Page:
Scandal of the jet-setting monk rivets Thailand

AP, BANGKOK

Mon, Jul 22, 2013 - Page 5

He is known as Thailand’s jet-setting fugitive monk, and his story has riveted the country with daily headlines of lavish excess, promiscuity and alleged crimes including statutory rape and manslaughter.

Until a month ago, 33-year old Wirapol Sukphol was relatively unknown in Thailand. Now he is at the center of the biggest religious scandal the country has seen in years.

His excesses first came to light last month with a YouTube video that went viral. It showed the monk in aviator sunglasses taking a private jet ride with a Louis Vuitton carry-on.

The video sparked criticism of his un-monkly behavior and a stream of humorous headlines like, “Now boarding, Air Nirvana.”

Since then, a long list of darker secrets has emerged — including his accumulated assets of an estimated 1 billion baht (US$32 million). Last week, authorities issued an arrest warrant for Wirapol after having him defrocked in absentia.

He was in France when the scandal surfaced after leading a meditation retreat at a monastery near Provence. Wirapol is believed to have then fled to the US, but his current whereabouts are unknown.

The arrest warrant implicates him on three charges: statutory rape, embezzlement and online fraud to seek donations. He is also under investigation for money laundering, drug trafficking and manslaughter.

“Over the years there have been several cases of men who abused the robe, but never has a monk been implicated in so many crimes,” said Pong-in Intarakhao, the case’s chief investigator for the Department of Special Investigation (DSI), Thailand’s equivalent of the FBI. “We have never seen a case this widespread, where a monk has caused so much damage to so many people and to Thai society.”

Born in the poor northeastern province of Ubon Ratchathani, he entered the monkhood as a teenager and gained local renown for claims of supernatural powers.

Gradually, he cultivated wealthy followers to help fund expensive projects in the name of Buddhism.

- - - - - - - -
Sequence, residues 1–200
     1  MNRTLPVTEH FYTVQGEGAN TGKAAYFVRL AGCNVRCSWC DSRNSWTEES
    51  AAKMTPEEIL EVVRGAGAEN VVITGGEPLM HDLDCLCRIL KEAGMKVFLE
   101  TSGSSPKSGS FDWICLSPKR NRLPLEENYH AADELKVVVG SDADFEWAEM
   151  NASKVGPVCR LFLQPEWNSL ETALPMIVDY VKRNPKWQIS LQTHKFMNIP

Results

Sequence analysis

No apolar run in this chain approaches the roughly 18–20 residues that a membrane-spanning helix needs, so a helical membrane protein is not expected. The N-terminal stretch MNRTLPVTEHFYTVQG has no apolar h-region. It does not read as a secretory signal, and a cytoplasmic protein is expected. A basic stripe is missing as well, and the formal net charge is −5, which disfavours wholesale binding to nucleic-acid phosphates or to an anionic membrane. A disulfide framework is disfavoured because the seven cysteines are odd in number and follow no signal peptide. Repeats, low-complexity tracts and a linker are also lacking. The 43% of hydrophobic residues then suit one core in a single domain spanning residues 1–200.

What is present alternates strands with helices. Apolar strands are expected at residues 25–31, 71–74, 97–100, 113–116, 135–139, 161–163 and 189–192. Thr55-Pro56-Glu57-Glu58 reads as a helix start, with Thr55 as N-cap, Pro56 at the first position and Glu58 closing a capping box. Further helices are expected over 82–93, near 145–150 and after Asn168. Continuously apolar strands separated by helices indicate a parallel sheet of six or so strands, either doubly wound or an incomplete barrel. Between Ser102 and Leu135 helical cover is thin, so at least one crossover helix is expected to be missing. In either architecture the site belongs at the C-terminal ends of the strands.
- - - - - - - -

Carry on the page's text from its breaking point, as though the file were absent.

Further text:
Thailand’s Anti-Money Laundering Office has discovered 41 bank accounts linked to the ex-monk. Several of the accounts kept about 200 million baht in constant circulation, raising suspicion of money laundering.

Investigators also suspect that Wirapol killed a man in a hit-and-run accident three years ago.

Critics say Wirapol is an extreme example of a wider crisis in Buddhism, which has become marginalized by a shortage of monks and an increasingly secular society.

However, the case of Wirapol has also shown the benefits of social media, says Songkran Artchariyasarp, a lawyer and Buddhist activist.

“Buddhists all around the world can learn from this case,” said Songkran, who heads a Facebook group that collects tips about wayward monks. Photographs uploaded to his page helped launch the investigation into Wirapol.

“Let this be a case study that shows if a monk does something wrong, it’s harder to get away with it — especially in the era of social media,” Songkran said.

However, it remains stunning how much Wirapol did get away with. During a shopping spree from 2009 to 2011, Wirapol bought 22 Mercedes worth 95 million baht, according to the DSI.

Luxury travel for the monk included helicopters and private jets.

“I always wondered what kind of monk has this much money,” one of his regular pilots, Piya Tregalnon, said.

Dozens of pictures have been posted in online forums showing Wirapol’s high-flying lifestyle — riding a camel at the pyramids in Egypt, sitting in a cockpit at the Cessna Aircraft factory in Kansas.

Even more incriminating were accusations of multiple sexual relationships with women — a cardinal sin for monks. Among them was a 14-year-old girl with whom he allegedly had a son, a decade ago. The mother filed a statutory rape case against him last week.

Police have yet to determine how many people he swindled, but the trail of disappointed followers is long.

One of them is a Bangkok housecleaner who remembers first hearing him preach a year ago.

“His voice was beautiful, it was mesmerizing. He captivated all of us with his words,” said Onsa Yubram, 42.

When he ended his sermon and held out his saffron bag, hundreds of people rushed forward with donations.

“His bag was so full of cash, they had to transfer the money into a big fertilizer sack. He told us, ‘Don’t worry, no need to rush. I’ll stay here until the last of you gets to donate,’” she said.